Active versus Passive Aquatic therapy, commonly used terms

Many related terms

There are several terms used to describe the practice of treating patients in water. Some of these terms refer to Passive forms of treating patients, some to Active forms and some to both. To end the confusion, we have listed the most commonly used terms and aquatic concepts below:

Term Description Active or Passive
Aqua Running Running in water, often with a flotation belt, to provide resistance without impact. Active
Aquatic Exercise Structured physical activities performed in water. Active
Burdenko Method An approach that combines water and land exercises to promote rehabilitation, conditioning, and training. Active
Halliwick Concept A method focusing on teaching swimming and independence in water, often used for people with disabilities. Active
Water Aerobics Aerobic exercise in shallow water. Active
Ai Chi A water-based relaxation practice that combines Tai Chi principles with Shiatsu and Qigong techniques. Both
Aquatic Rehabilitation Rehabilitative exercises and movements in water. Both
Aquatic Therapy Therapeutic interventions in a pool or aquatic environment. Both
Bad Ragaz Ring Method A form of aquatic therapy using floating rings to position the patient, focusing on neuromuscular re-education. Both
Hydrotherapy Use of water for therapeutic purposes, encompassing a wide range of treatments. Both
Jahara An aquatic technique emphasizing gentle, continuous movements and stretches, using floats for support. Both
Balneotherapy Treating health problems by bathing, often in mineral-rich waters. Passive
Healing Dance A type of aquatic therapy that combines elements of dance, massage, and stretching in water. Passive
Oceanic Bodywork A form of aquatic therapy that involves massage and energy work in water, inspired by Polynesian traditions. Passive
Watsu Combination of massage, joint mobilization, and shiatsu while floated in warm water. Passive
Water Dance A form of aquatic bodywork where the receiver is gently moved, stretched, and massaged both above and below the surface of the water. Passive

Find out more about the above treatment modalities

Active or Passive Aquatic Therapy, what’s the difference?

Aquatic therapy, also known as hydrotherapy or pool therapy, is a form of physical therapy that takes place in water, typically in a specialized therapeutic pool. The buoyancy, resistance, and thermal properties of water offer unique advantages for rehabilitation and exercise. Both active and passive aquatic therapy techniques are used to treat a variety of conditions, but they differ in their approach and application. Here are the key differences between active and passive aquatic therapy:

  1. Nature of Participation:
    • Active Aquatic Therapy: Involves the patient actively performing exercises and movements in the water. These exercises can range from simple movements, like walking or stretching, to more complex exercises using aquatic equipment.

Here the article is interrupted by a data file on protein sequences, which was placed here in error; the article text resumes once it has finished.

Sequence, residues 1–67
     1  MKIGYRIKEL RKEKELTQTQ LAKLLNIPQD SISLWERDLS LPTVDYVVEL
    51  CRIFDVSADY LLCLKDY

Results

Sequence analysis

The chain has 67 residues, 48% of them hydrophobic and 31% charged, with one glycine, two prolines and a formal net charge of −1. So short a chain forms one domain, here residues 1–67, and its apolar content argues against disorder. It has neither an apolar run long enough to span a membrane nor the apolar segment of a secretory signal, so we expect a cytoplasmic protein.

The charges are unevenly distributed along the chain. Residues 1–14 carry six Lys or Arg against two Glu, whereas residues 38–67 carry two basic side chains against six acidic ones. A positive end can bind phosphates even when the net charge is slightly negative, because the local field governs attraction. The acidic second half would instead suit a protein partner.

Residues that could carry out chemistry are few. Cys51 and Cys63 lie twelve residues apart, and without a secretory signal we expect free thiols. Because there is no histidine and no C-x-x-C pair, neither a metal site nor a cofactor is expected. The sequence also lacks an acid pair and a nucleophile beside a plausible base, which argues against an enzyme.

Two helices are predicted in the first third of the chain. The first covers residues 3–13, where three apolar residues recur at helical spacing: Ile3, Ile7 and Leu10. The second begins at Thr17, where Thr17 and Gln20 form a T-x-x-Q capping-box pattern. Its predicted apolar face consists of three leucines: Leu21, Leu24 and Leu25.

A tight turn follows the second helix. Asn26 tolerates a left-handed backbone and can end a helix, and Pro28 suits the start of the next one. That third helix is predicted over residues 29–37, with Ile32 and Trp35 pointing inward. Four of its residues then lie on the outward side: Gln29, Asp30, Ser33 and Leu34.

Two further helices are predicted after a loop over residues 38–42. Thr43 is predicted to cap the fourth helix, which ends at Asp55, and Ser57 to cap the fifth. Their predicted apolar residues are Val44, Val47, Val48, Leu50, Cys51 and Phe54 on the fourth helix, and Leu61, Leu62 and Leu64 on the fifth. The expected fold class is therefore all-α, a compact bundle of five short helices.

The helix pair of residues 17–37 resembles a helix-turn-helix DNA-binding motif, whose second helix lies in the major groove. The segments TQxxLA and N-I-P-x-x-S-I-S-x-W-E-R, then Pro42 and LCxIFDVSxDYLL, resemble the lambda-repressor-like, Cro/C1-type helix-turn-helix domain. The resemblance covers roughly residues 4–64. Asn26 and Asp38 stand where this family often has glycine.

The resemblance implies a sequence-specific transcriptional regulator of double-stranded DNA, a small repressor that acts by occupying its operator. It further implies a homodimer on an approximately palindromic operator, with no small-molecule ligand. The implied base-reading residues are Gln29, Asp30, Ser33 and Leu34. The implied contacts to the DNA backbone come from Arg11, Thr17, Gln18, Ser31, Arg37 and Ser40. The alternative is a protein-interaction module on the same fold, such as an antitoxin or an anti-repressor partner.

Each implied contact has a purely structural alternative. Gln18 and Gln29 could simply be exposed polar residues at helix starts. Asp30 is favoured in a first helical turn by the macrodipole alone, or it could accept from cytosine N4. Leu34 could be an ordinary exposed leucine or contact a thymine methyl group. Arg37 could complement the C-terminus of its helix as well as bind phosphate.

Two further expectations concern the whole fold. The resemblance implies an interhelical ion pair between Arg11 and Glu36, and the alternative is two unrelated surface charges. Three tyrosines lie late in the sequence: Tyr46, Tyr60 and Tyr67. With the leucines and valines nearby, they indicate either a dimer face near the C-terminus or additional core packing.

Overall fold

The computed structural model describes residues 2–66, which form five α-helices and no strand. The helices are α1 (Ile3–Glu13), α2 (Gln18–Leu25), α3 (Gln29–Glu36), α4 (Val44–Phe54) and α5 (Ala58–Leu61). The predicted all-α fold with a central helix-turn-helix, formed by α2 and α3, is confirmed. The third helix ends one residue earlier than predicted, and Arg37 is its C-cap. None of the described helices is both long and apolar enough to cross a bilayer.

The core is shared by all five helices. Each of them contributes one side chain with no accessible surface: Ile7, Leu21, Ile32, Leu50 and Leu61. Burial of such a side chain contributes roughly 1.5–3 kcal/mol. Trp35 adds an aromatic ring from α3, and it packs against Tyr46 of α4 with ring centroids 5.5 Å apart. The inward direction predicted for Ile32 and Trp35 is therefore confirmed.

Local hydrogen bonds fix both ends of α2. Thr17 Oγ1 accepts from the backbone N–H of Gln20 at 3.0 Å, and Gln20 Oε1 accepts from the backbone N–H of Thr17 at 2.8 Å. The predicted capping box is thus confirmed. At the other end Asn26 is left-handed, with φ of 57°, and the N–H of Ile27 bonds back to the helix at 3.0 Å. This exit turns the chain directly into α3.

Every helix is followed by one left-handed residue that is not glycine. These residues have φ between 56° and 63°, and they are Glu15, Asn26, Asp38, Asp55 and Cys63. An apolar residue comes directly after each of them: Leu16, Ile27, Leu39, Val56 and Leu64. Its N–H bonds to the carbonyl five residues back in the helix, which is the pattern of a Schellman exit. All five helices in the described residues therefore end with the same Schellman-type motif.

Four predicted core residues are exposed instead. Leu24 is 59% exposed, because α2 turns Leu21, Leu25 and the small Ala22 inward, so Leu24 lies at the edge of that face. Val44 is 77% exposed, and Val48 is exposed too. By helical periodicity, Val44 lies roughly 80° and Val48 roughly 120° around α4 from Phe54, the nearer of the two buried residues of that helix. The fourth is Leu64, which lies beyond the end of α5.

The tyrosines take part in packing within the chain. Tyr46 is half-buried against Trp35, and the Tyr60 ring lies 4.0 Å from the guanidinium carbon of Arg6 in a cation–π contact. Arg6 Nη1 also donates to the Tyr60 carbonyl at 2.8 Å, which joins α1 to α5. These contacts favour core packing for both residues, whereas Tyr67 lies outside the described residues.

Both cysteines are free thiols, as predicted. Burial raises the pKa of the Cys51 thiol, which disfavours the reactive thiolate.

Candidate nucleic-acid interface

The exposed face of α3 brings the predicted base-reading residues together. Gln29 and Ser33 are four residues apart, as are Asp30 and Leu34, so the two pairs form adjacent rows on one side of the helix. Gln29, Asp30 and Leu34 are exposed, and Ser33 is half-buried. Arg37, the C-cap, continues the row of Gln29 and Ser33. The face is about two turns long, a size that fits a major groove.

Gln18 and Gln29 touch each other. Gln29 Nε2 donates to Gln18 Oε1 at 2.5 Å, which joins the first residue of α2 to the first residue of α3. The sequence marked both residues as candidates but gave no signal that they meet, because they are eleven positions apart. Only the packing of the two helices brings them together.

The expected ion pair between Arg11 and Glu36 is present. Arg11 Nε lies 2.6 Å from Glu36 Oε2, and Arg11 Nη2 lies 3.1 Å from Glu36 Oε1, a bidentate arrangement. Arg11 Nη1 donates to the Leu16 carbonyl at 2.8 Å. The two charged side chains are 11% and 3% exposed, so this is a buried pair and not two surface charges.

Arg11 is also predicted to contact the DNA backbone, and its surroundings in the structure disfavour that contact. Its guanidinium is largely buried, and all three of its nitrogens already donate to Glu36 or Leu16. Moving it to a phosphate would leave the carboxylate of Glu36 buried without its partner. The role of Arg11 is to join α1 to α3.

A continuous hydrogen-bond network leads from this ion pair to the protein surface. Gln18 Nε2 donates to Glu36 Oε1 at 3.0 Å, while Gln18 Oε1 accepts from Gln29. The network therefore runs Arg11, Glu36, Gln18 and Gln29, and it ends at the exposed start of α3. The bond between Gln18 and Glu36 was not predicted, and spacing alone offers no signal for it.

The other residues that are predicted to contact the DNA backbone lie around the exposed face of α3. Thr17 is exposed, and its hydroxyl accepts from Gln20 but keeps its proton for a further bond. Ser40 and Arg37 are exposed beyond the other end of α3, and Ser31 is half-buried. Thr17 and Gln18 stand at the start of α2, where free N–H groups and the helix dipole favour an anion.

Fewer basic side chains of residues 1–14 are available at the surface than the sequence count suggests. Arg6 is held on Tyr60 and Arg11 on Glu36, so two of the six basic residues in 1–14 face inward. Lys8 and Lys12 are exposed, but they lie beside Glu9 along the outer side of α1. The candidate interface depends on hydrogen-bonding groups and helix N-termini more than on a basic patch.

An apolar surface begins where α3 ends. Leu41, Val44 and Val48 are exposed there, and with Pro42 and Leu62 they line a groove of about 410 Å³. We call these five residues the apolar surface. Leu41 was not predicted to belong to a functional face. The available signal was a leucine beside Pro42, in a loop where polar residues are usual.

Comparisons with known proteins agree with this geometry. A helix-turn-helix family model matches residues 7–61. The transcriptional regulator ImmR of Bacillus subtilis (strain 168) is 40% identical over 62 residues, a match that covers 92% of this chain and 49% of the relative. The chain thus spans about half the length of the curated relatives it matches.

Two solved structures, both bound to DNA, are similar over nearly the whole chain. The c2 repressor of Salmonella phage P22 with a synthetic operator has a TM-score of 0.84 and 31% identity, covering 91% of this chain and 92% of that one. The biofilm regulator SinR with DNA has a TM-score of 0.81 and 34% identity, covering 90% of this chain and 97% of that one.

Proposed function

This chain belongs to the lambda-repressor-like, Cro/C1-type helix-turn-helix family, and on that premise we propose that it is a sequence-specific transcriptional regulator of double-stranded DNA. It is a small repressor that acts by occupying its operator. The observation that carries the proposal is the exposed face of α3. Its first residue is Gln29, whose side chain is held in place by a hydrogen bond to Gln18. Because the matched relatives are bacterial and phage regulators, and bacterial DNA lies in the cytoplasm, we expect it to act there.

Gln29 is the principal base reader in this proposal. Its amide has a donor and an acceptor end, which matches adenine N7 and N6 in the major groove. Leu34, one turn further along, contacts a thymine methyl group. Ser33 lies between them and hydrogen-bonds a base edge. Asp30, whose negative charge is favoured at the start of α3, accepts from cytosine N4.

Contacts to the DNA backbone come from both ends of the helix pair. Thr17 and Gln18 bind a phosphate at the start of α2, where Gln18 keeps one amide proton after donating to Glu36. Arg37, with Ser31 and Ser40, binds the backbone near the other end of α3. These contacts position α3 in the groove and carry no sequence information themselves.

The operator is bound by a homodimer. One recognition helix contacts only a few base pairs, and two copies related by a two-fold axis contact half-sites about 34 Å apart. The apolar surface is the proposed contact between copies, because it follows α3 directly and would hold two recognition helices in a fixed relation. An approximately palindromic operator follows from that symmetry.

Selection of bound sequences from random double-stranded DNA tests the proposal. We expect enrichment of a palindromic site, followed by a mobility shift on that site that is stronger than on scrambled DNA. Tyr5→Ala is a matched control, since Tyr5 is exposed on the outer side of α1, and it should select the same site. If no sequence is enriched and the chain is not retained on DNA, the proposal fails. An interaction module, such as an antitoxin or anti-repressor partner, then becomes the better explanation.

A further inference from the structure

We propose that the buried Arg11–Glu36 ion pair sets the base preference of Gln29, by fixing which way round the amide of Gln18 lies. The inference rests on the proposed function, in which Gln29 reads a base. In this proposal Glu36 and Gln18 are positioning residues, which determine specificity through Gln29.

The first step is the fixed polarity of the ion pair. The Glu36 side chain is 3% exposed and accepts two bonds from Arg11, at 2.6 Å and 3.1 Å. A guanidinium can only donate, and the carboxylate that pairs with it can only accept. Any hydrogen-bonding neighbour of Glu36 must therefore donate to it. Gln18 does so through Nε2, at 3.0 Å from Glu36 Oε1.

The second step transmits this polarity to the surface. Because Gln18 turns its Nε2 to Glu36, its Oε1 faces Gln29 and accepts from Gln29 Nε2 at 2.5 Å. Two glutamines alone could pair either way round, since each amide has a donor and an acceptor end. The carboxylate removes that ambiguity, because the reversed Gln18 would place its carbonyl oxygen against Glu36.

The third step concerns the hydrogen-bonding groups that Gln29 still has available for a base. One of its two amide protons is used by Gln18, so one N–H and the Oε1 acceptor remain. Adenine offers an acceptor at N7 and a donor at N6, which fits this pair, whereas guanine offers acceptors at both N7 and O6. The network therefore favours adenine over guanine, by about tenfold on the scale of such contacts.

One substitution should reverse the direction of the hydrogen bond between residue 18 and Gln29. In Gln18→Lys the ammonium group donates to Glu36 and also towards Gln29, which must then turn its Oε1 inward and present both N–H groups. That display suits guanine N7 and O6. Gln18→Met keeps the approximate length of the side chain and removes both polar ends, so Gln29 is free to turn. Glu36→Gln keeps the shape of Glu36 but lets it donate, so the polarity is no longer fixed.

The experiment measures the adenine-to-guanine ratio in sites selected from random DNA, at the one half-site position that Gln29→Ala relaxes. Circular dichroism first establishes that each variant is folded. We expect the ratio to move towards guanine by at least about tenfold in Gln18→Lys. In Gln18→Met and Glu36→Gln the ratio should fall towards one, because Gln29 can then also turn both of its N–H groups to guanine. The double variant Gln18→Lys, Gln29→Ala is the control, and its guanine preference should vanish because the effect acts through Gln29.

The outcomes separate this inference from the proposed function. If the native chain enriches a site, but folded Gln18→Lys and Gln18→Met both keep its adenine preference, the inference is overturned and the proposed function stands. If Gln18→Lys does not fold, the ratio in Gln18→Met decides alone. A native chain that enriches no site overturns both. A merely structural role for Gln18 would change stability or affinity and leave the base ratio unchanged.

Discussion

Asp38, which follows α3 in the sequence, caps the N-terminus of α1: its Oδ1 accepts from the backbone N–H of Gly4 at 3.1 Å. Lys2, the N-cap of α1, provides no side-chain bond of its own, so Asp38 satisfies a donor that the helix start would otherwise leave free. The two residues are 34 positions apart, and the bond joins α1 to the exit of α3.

• Passive Aquatic Therapy: The patient remains relatively still, and the therapeutic effects come from external sources. This might include water jets for massage, gentle manual manipulation by a therapist, or simply floating to relieve pressure on joints.
  2. Primary Goal:
    • Active: To improve strength, flexibility, balance, and cardiovascular endurance. The resistance of the water makes it an effective medium for strengthening and conditioning.
    • Passive: To promote relaxation, decrease pain, improve circulation, and reduce muscle spasm. It’s more about leveraging the soothing and buoyant properties of water.
  3. Equipment:
    • Active: May use kickboards, noodles, weights, resistance paddles, and other aquatic tools to enhance the exercise regimen.
    • Passive: Might use floatation devices, water jets, or other tools designed to provide relaxation and relief.
  4. Therapist’s Role:
    • Active: The therapist often guides the patient through a series of exercises, ensuring proper form and progression. The therapist might also be in the water with the patient.
    • Passive: The therapist may gently manipulate the patient’s body, ensuring they are in a comfortable position or using tools like water jets to target specific areas.
  5. Conditions Treated:
    • Active: Beneficial for post-surgical rehab, arthritis, neurological conditions, orthopedic injuries, and more.
    • Passive: Often used for pain management, stress relief, muscle relaxation, and certain conditions where active movement might be contraindicated.
  6. Duration and Intensity:
    • Active: Can be more intense and may last longer, depending on the patient’s endurance and the goals of the therapy.
    • Passive: Typically more gentle and can be shorter in duration, focusing on relaxation and relief.
  7. Progression:
    • Active: As the patient progresses, exercises can become more challenging, and resistance can be increased.
    • Passive: The focus remains on relaxation and relief, so progression might involve longer sessions or targeting different areas of discomfort.

While both active and passive aquatic therapies leverage the unique properties of water for therapeutic benefits, active therapy emphasizes movement and exercise, whereas passive therapy focuses on relaxation and relief. The choice between the two often depends on the patient’s condition, goals, and the recommendations of the therapist.